Raila Odinga, the smiling eminence of Kenyan politics, has an admirable record of contesting national elections and a miserable record of winning them. Since his first presidential run 30 years ago, Mr. Odinga, 77, has been at the center of nearly every election, mostly as the aggrieved loser claiming to have been cheated of his rightful victory.
Could this time be different? With the most recent polls showing Mr. Odinga in the lead over his rival, William Ruto, the big prize seems to be within his grasp. But Kenyan elections can be messy, unpredictable affairs, with few certainties — a lesson Mr. Odinga knows better than most.
High office is in his blood. The son of Kenya’s first vice-president, and an avowed leftist, Mr. Odinga entered politics soon after returning to Kenya from his engineering studies in communist East Germany in the 1960s.
He was detained without trial for six years after an unsuccessful coup attempt against Daniel arap Moi, Kenya’s longest-serving ruler, in 1982 — and arrested twice after. Once finally released, he led protests that culminated in Kenya’s first multiparty election in 1992 — although the first truly free vote would take another decade.
He first ran for the presidency in 1997, and again in 2007, when a disputed result led to widespread violence that killed over 1,200 people. He tried again in 2013 and 2017, both times losing to Uhuru Kenyatta, Kenya’s outgoing president.
Through it all, Mr. Odinga has remained defiantly present — the outsider who could command newspaper front pages; the rabble-rouser who cast himself as the champion of the marginalized; the loser who crowned himself as the “People’s President” after losing the 2017 vote.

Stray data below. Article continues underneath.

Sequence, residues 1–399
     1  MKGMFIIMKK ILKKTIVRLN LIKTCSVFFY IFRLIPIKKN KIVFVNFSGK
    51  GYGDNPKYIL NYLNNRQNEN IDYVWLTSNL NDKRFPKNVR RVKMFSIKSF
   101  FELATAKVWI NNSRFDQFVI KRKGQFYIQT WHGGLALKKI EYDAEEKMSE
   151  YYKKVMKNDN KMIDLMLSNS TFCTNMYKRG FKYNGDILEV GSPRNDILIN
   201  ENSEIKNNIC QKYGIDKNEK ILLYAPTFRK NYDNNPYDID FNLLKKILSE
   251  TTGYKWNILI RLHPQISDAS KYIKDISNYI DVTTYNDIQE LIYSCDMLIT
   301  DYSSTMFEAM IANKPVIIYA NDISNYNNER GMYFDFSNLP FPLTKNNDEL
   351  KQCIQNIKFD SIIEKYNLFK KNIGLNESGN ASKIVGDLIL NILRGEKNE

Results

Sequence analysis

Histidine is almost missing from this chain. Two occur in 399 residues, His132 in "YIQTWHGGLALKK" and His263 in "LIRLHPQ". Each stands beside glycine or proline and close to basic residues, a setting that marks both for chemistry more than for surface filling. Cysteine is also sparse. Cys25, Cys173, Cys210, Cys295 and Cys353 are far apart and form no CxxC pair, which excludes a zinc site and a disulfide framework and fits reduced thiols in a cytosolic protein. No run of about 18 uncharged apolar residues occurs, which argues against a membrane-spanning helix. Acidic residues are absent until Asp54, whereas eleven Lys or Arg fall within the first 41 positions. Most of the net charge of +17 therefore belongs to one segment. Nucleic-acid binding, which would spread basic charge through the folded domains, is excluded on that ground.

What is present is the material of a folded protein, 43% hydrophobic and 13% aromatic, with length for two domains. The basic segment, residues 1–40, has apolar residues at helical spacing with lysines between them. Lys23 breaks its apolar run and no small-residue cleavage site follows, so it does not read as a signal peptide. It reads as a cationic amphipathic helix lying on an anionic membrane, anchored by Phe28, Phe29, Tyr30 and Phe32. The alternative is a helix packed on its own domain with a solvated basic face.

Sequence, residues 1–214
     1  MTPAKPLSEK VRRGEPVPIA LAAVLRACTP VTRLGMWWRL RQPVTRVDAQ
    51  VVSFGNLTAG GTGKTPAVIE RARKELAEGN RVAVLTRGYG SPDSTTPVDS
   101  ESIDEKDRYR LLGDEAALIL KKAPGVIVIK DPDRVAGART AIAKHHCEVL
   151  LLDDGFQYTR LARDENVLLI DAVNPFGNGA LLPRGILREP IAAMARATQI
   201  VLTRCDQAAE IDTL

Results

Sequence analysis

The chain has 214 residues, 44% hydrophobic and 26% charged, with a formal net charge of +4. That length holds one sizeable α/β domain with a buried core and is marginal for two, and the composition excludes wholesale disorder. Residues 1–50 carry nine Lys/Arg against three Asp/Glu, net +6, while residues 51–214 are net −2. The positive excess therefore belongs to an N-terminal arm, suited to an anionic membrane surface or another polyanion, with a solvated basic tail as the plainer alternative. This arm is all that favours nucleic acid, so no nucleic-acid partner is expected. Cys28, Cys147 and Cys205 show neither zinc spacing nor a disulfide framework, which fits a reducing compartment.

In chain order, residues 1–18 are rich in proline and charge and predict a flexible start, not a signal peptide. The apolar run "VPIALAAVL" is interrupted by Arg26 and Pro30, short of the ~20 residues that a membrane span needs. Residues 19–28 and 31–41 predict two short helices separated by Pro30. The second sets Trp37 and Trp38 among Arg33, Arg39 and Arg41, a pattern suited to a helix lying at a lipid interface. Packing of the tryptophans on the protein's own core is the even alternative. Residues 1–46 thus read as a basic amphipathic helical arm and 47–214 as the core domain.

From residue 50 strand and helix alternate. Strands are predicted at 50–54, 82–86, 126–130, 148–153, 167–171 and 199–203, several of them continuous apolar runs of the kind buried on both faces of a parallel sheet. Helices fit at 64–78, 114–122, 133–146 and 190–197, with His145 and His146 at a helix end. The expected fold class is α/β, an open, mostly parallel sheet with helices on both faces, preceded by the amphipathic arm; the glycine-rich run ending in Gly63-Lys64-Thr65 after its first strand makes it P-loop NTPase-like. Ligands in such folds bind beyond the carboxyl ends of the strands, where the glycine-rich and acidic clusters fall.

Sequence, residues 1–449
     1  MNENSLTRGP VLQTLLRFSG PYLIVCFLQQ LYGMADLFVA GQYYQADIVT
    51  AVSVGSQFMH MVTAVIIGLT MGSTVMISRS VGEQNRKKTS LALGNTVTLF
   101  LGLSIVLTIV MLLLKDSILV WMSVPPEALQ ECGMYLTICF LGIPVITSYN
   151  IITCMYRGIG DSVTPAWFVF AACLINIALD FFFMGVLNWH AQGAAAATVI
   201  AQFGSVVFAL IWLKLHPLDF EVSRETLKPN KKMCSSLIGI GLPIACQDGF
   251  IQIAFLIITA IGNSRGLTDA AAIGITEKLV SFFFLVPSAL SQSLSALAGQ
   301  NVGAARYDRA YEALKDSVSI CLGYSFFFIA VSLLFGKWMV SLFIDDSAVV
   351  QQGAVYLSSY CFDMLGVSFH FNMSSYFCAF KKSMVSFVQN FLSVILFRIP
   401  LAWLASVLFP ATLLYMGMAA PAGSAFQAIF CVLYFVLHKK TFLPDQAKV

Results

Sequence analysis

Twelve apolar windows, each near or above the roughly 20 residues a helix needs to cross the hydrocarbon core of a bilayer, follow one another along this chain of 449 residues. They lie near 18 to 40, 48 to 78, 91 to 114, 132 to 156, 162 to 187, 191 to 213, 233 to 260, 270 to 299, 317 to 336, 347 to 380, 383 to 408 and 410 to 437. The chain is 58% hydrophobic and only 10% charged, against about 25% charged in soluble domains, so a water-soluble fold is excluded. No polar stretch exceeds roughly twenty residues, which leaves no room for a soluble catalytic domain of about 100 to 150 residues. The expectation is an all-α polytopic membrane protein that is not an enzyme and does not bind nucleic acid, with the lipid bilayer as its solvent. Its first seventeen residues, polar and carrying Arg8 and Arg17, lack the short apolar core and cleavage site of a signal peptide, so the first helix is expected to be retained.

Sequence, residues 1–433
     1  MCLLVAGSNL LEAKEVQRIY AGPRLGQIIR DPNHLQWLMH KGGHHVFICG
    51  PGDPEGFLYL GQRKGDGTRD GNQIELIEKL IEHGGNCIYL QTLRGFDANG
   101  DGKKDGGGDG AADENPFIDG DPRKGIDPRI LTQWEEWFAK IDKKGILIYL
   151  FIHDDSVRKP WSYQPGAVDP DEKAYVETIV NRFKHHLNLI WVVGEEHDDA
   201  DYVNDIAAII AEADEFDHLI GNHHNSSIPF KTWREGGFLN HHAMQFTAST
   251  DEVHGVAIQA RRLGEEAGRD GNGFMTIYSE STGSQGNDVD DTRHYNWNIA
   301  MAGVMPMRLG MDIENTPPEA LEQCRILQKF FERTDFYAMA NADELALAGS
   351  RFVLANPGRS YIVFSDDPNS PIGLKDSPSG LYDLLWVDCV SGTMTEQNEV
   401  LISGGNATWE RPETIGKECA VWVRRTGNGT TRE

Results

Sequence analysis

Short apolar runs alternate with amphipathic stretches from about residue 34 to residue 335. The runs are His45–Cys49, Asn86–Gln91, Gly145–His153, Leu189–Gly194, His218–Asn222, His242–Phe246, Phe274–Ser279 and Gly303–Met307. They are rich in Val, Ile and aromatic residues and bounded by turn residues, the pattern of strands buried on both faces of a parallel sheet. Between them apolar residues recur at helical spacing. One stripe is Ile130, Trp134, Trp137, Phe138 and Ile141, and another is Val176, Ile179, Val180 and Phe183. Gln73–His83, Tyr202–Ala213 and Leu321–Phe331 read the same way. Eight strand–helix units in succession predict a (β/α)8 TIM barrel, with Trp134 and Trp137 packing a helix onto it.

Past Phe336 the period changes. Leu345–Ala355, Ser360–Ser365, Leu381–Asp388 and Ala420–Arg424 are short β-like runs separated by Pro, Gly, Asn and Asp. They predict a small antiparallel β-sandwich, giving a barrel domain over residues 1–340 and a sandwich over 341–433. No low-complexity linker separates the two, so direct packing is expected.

If he can win this time, victory will be more than a personal vindication; it will make him the first leader of Kenya to come from outside the Kikuyu and Kalenjin ethnic groups that have dominated power since independence in 1963. Mr. Odinga is from the fourth largest group — the Luo — who have long resented being excluded from power.
An Odinga presidency would also make history through his running mate, Martha Karua, who would become Kenya’s first female vice president.
But if Mr. Odinga, the perennial outsider, is finally on the verge of achieving his dream, he is doing it as an insider thanks to the so-called “handshake,” his contentious 2018 pact with President Kenyatta that ensured him the president’s backing in this race.
Supposedly an initiative to heal Kenya’s political divisions, the deal was widely criticized as yet another elite pact. One of its major provisions, a plan to amend the Constitution, was struck down by the courts in March.
Even so, in this election the “handshake” has earned Mr. Odinga precious votes from some of Mr. Kenyatta’s supporters, putting him one major step closer to the job he has coveted for decades.